Running injuries tend to come from repetition—the stress one puts on the lower extremities by pounding the ground in exactly the same way day in and day out—and Scandinavian scientists may have found a solution: wearing multiple pairs of shoes.
As Runner’s World reports, researchers in Luxembourg looked at 264 runners over a 22-week period and found that those who regularly switched up their sneakers were 39 percent less likely to suffer injury.
In the study—a first-of-its-kinds report published in the Scandinavian Journal of Medicine & Science in Sports—scientists define running injuries as “physical pain or complaint located at the lower limbs or lower back region, sustained during or as a result of running practice and impeding planned running activity for at least one day.”
Researchers classified 116 of the 264 participants as single-shoe wearers, since they did 91 percent of their mileage in the same pair of shoes and only went through an average of 1.3 pairs over the course of the study. The 148 athletes in the multi-shoe group, by contrast, only relied on their main shoes for 58 percent of their mileage, and they wore an average of 3.6 pairs over the 22 weeks.
The most logical explanation is that each pair of shoes distributes impact differently, and that rotating among two or more models prevents runners from subjecting their bodies to the same strains over and over again.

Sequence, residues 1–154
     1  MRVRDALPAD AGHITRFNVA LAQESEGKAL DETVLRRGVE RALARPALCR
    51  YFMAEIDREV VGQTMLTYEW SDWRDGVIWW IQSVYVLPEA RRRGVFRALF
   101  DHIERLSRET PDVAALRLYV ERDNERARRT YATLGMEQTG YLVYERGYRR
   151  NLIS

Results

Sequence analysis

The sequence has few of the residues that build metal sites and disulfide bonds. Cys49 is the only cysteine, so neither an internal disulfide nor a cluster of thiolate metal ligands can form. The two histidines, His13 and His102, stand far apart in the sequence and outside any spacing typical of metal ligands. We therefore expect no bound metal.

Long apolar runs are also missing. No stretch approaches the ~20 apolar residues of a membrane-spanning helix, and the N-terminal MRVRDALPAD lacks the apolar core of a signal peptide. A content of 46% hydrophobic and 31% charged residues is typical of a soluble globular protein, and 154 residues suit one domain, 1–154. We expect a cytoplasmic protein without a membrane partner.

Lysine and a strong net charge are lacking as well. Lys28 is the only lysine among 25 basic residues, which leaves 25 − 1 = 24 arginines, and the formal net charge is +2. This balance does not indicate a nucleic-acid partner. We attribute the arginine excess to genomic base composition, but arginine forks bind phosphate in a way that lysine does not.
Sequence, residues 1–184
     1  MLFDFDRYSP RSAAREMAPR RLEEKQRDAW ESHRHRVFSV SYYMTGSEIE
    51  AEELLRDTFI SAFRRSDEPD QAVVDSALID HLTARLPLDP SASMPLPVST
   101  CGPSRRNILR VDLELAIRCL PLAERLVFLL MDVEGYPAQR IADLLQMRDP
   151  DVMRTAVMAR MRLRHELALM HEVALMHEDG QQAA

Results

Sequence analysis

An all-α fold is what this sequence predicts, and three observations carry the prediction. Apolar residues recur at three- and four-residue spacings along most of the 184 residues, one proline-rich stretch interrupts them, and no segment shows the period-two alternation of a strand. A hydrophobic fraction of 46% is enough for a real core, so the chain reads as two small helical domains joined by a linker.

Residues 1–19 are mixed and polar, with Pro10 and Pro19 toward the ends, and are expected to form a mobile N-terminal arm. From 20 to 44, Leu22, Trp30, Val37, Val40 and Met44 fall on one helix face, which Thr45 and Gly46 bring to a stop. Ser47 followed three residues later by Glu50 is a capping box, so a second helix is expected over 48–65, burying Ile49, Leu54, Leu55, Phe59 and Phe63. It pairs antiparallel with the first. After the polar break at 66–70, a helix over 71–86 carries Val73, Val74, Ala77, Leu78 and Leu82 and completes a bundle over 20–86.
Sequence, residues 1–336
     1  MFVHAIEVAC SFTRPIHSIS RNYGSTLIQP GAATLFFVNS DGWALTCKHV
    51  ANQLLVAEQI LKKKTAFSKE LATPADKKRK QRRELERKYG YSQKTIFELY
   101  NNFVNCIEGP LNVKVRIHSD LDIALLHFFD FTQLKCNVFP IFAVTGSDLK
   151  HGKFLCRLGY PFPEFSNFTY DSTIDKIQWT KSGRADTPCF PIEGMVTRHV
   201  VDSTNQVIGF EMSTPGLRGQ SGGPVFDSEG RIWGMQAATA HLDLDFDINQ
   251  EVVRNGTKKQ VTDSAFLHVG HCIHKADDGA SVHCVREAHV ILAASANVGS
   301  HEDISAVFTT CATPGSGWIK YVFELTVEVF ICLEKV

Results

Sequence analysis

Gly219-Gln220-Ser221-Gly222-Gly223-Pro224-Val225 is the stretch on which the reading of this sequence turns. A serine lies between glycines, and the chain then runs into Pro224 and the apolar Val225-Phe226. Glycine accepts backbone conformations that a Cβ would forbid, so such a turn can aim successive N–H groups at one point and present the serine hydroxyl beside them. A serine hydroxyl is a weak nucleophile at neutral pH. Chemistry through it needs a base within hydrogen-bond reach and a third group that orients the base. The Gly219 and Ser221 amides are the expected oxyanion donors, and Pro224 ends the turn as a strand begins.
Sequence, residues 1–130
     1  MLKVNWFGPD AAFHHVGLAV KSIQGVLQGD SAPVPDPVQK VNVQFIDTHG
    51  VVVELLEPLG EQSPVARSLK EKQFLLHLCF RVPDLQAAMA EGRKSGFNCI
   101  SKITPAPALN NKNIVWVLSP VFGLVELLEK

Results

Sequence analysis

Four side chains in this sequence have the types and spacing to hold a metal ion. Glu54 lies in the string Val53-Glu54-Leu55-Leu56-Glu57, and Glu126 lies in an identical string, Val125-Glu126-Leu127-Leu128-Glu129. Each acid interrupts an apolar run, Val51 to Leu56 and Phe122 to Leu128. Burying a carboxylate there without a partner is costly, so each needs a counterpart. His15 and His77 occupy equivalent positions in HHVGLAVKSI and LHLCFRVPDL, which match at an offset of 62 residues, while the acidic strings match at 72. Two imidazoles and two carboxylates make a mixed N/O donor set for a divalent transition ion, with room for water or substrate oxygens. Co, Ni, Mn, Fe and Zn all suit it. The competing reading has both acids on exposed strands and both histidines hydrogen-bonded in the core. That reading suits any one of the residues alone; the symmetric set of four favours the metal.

In the paper, researchers use bigger words to say this. They write, “the concomitant use of different pairs of running shoes will provide alternation in the running pattern and vary external and active forces on the lower legs during running activity. Whether the reduced [injury] risk can be ascribed to alternation of different shoe characteristics, such as midsole densities, structures or geometries cannot be determined from these results and warrants future research.”
Another way to avoid overuse injuries may be to vary one’s routine and supplement running with other sports, as researchers found that participants prone to cross-training were also less likely to get hurt.
"Multiple shoe use and participation in other sporting activities are strategies leading to a variation of external and internal loads applied to the musculoskeletal system that could have a beneficial effect on [running injuries],” the authors write.
Great—now we have to buy extra shoes and a bicycle.
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